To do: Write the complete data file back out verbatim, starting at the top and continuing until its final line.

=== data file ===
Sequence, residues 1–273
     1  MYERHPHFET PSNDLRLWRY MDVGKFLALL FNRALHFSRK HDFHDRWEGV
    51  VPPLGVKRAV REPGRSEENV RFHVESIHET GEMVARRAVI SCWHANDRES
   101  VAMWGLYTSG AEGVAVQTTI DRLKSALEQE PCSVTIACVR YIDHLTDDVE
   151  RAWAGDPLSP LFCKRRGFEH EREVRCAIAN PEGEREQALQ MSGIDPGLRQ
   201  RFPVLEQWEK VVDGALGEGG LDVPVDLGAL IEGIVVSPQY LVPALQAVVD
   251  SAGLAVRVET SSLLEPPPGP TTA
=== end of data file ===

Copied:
Sequence, residues 1–273
     1  MYERHPHFET PSNDLRLWRY MDVGKFLALL FNRALHFSRK HDFHDRWEGV
    51  VPPLGVKRAV REPGRSEENV RFHVESIHET GEMVARRAVI SCWHANDRES
   101  VAMWGLYTSG AEGVAVQTTI DRLKSALEQE PCSVTIACVR YIDHLTDDVE
   151  RAWAGDPLSP LFCKRRGFEH EREVRCAIAN PEGEREQALQ MSGIDPGLRQ
   201  RFPVLEQWEK VVDGALGEGG LDVPVDLGAL IEGIVVSPQY LVPALQAVVD
   251  SAGLAVRVET SSLLEPPPGP TTA